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Mike de Jong, B.C's Finance Minister, Doesn't Do Email Because Modern Life Can Go To Hell

Maybe he's on to something.

Human time capsule Mike de Jong understands the value of email, but it's just not for him.

The B.C. finance minister admitted he "just never got into" electronic mail, and instead relies on good ol' fashioned paper for memos and correspondence, Global News reports.

“It’s a tool that I think has useful application, but I’ve said it before, when people start getting four and five hundred emails a day, when are they working?” said de Jong.

Behold the face of a man who has never had to endure hundreds of chain emails from his aunt. (Photo: The Canadian Press)

His dislike of the electronic inbox was mentioned in a freedom of information request from CKNW. The radio station's request was spawned after the B.C. privacy commissioner reported that government employees were triple-deleting — triple! — emails.

B.C. Premier Christy Clark supports the minister's classical style, according to The Province, saying that he also uses a rotary phone and drives a "1983 Miata."

We're not saying Mike de Jong is a time traveller, but the first model of the Mazda MX-5 came out in 1989. Just saying.

(For the record, De Jong apparently drives a 1991 Mazda Miata, according to the Times Colonist.)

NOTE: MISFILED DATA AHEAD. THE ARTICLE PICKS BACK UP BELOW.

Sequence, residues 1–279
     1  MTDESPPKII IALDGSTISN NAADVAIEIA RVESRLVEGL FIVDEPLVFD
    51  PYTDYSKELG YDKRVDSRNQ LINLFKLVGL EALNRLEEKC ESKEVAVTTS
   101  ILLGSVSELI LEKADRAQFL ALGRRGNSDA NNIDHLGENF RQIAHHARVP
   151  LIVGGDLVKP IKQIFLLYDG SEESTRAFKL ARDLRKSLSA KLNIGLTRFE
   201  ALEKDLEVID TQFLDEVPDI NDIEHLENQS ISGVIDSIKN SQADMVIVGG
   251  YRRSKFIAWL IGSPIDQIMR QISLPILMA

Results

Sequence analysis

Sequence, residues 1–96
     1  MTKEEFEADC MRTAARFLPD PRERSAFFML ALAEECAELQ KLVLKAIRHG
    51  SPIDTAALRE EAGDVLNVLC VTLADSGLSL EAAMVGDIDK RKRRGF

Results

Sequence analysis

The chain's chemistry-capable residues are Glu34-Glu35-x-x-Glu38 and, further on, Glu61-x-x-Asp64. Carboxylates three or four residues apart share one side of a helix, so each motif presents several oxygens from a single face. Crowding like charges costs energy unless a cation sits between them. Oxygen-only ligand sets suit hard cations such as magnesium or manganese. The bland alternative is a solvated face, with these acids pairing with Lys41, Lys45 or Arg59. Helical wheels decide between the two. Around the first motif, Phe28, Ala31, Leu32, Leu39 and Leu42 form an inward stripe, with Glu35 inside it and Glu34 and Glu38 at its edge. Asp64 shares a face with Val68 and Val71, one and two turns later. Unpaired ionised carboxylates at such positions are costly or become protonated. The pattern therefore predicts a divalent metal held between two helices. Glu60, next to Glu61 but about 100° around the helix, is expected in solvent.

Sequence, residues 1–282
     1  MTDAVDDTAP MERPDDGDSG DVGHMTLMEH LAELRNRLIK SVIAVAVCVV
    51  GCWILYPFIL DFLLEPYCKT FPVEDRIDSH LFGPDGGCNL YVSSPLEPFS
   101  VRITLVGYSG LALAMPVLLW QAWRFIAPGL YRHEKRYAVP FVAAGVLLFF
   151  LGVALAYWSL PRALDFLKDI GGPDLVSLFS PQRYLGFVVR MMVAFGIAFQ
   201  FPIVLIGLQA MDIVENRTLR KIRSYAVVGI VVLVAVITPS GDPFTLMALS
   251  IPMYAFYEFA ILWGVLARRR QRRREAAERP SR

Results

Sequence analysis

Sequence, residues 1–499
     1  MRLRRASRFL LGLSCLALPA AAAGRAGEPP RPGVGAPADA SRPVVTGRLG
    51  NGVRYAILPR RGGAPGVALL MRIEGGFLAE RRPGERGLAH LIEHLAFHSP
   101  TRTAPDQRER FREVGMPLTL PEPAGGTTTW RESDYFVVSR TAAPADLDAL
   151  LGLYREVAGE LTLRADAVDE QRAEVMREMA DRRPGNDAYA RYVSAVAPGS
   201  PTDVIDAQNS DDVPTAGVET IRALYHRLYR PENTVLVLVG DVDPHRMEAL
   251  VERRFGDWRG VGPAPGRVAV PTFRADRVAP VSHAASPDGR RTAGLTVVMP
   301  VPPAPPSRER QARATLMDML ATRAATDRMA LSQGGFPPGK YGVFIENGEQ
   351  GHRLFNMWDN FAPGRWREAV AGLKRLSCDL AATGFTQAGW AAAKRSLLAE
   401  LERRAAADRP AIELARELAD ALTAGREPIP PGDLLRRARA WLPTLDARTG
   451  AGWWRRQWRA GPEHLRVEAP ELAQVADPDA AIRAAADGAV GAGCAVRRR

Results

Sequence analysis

“Some people are more comfortable with modern technology than others,” Clark said. “Mike is a farmer. And I know that some farmers use email, I know that some don’t. And he is one of them. I’m not going to force him to use email. I’m not going to force him to stop using his rotary phone.”

But the use of a rotary phone or a car that shouldn't technically exist in time and space isn't the issue to critics. Vincent Gogolek, executive director of the B.C. Freedom of Information and Privacy Association, told Global he wonders if governments could keep accurate records without email.

What do you think?

Is de Jong on to something here? Have we just accepted the fact that hundreds and thousands of emails will haunt us as we drudge through this modern, dreary existence? Is the minister some kind of prophet who will crack our digital chains and lead us to the promised analogue land?

Or should governments use email in the year 2016?

Let us know in the comments.

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